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Energy & Environment

New Report Estimates Public Health Impact of Houston Traffic in 2040

Research predicts 122 pollution-related deaths in 2040 if nothing is done to mitigate transportation-related emissions.

A new report by University of Houston researchers accounts for the health impacts of Houston-area traffic and emissions, based on 2040 estimates.

Research shows that if nothing is done to improve transportation-related pollution, it could lead to an additional 122 deaths in 2040.

The research also estimates impacts in 2040 if cleaner transportation technologies were adopted by all Houstonians.

The full turnover scenario, which is an estimate made considering all cars are made cleaner (35 percent electric vehicles and 65 percent clean combustion vehicles), shows a 90 percent cut in harmful emissions from 2013, all despite a 50 percent projected population growth.

The study, commissioned by the advocacy groups Public Citizen Foundation and the Healthy Port Communities Coalition, also shows the city would save an estimated $2.4 billion dollars in preventing pollution-related deaths.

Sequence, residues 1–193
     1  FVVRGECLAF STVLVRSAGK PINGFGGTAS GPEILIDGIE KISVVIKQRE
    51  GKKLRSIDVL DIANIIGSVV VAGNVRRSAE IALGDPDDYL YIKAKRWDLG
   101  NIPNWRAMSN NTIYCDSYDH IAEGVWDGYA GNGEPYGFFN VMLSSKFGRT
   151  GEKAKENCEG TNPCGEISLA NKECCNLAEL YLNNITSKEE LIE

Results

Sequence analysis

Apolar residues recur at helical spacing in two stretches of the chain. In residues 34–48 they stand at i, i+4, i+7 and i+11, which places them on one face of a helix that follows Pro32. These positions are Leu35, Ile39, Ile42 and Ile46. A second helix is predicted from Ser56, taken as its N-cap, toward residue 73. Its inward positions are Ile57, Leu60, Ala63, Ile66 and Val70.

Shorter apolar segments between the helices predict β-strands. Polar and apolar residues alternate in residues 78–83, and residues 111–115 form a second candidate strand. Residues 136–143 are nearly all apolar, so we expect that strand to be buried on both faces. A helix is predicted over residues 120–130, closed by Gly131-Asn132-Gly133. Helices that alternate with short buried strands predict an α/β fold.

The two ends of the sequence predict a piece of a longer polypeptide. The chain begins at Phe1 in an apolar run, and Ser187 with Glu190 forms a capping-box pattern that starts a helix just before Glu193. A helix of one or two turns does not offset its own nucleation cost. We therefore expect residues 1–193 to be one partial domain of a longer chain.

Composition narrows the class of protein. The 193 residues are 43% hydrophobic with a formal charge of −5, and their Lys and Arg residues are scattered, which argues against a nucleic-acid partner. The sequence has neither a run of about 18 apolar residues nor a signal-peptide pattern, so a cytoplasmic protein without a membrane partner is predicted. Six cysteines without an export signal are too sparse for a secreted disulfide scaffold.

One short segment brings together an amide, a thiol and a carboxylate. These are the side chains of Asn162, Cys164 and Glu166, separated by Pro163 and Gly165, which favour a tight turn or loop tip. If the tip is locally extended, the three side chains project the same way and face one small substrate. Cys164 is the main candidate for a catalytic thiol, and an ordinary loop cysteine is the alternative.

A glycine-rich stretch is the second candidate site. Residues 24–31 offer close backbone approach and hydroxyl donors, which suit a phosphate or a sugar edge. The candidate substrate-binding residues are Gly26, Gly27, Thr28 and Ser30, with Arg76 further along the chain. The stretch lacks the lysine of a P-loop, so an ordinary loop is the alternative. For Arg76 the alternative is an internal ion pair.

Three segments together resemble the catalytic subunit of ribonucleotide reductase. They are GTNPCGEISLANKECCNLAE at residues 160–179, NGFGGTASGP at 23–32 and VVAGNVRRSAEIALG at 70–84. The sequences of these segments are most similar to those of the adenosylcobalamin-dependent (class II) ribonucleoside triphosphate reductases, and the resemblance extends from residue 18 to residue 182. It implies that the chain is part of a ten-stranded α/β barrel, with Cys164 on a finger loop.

The full clean energy scenario would also reduce cases of asthma by nearly 25,000 each year.

Additionally, 18,000 days of missed classes would be regained under a full city-wide clean energy transition, according to estimates.

Projections are based on a scenario where 65 percent of cars are using clean combustion technology, which have a reduced environmental impact.

“Clean combustion technologies still burn fossil fuel, but rely on technology-based solutions to reduce air pollution,” said Public Citizen Texas office Director Adrian Shelley in a written statement, “One example is a diesel particulate filter (DPF) which, under the right operating conditions, greatly reduces particulate matter pollution.”

According to Shelley, in the Port of Houston DPF filters are not effective under certain circumstances, since trucks are running there for long periods of time without moving.

“Electric vehicles, by contrast, do not produce any vehicle emissions under any operating conditions,” Shelley said.

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